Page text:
On Friday (30 June) an extra second was added to the usual twenty-four hours in a day.
GV EXTERIOR ZOOM IN U.S. Naval Observatory building
CU INTERIOR Control panel (3 shots)
CU Graphic display
SV's and SCU's scientists check graphs
EXTERIOR OF U.S. NAVAL OBSERVATORY BUILDING: ATOMIC CLOCK CONTROL PANELS AND GRAPHIC DISPLAYS: SCIENTISTS CHECKING READ-OUTS.
Initials OS/2133 OS/2138
Script is copyright Reuters Limited. All rights reserved
Background: On Friday (30 June) an extra second was added to the usual twenty-four hours in a day. This was done to bring atomic time, the international standard for time, in line with the less reliable rotation of the earth.
This correction, which effects time computations around the world, was carried out in Washington, D.C. by the National Bureau of Standards who coordinated with other facilities having atomic clocks.
Until the development of the atomic clock the rotation of the earth was considered the most precise measure of time. But, since the atomic clock came into use, scientists have discovered that they are six-tenths of a second ahead of the earth's rotation. It was in order to keep atomic time in phase with earth time that the extra second was added.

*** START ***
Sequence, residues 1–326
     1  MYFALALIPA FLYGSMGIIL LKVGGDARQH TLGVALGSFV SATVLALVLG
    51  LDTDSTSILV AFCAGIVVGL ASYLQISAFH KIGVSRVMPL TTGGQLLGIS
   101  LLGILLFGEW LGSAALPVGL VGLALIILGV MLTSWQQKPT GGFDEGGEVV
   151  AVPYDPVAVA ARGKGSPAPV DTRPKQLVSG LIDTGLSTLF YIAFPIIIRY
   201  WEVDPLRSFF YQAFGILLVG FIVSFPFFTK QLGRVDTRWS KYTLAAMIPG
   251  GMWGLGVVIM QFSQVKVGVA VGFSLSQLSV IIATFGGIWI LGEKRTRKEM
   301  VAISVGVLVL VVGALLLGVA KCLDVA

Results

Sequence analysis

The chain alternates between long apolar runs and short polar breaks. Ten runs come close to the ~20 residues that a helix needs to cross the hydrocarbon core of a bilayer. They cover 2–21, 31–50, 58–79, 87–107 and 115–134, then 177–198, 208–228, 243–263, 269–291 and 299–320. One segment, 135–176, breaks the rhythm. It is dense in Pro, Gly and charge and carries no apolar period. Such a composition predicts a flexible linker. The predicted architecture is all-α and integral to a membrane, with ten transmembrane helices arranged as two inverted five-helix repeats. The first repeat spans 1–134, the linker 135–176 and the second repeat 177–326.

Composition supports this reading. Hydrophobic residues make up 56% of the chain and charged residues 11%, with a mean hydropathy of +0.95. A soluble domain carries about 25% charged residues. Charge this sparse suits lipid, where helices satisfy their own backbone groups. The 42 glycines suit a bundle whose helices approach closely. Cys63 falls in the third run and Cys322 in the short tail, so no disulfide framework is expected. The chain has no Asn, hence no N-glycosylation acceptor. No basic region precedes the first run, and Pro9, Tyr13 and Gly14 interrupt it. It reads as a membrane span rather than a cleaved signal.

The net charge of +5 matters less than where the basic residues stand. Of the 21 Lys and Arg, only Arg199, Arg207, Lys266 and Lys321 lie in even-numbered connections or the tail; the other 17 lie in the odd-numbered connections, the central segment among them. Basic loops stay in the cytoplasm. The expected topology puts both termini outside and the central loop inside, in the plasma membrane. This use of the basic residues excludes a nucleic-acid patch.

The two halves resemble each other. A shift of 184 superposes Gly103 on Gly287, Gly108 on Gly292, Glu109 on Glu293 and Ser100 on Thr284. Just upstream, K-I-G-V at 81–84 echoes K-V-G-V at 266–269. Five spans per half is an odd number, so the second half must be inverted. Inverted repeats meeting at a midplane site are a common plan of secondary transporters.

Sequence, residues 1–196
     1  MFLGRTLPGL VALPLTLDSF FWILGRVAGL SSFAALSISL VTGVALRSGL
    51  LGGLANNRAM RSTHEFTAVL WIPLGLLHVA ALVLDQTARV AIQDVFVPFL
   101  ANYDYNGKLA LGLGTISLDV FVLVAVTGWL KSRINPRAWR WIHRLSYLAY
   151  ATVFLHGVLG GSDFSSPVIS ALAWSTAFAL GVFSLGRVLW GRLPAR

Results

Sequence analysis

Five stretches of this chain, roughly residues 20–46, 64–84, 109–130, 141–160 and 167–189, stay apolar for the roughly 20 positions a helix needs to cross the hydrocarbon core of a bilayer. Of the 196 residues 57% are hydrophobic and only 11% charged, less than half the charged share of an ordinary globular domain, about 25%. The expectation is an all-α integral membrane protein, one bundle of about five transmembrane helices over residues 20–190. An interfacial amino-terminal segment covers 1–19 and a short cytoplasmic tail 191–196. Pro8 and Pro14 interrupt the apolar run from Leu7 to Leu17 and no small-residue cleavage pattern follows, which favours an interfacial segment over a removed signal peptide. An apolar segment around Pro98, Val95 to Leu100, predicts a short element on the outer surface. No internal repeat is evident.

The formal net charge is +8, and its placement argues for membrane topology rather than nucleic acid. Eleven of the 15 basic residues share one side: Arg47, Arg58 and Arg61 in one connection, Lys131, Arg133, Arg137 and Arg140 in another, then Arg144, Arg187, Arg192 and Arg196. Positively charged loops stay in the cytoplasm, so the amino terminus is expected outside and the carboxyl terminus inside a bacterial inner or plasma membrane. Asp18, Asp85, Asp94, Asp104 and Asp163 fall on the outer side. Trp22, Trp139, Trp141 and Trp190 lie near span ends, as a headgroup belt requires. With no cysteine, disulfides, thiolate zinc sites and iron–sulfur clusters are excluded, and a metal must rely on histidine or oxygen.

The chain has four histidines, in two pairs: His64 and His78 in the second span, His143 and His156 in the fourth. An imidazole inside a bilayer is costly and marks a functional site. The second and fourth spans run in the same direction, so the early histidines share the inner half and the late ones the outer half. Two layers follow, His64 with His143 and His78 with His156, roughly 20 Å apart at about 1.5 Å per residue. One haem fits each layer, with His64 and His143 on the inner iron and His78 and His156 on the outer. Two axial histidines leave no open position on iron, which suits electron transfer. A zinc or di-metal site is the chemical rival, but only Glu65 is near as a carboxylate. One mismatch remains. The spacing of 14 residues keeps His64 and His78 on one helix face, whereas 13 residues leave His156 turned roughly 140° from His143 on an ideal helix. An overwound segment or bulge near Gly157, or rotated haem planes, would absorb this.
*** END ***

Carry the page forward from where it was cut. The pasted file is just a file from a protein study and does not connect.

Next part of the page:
The atomic clocks themselves were not changed, but the added second corrected clocks all over the world; clocks used in navigation at sea, at space tracking stations and in other places where extremely accurate time is necessary.
SYNOPSIS: In the U.S. Naval Observatory in Washington, D.C. there are sixteen atomic clocks....the most accurate time keepers in the world. It was because of these clocks that Friday had an extra second in it. The second was added to bring atomic time in line with the less reliable rotation of the earth. Since the atomic clock has come into use, scientists have found that the clocks are six-tenths of a second ahead of the earth's rotation, To even-out this discrepancy, the second was added.
The atomic clocks were not changed to add the second, but clocks around the world were adjusted to conform with the atomic clocks....Scientists monitored the atomic clock so that the compensation would be made at exactly midnight. The one second difference is necessary for clocks used in navigation at sea and at space tracking stations where differences of a second are critical.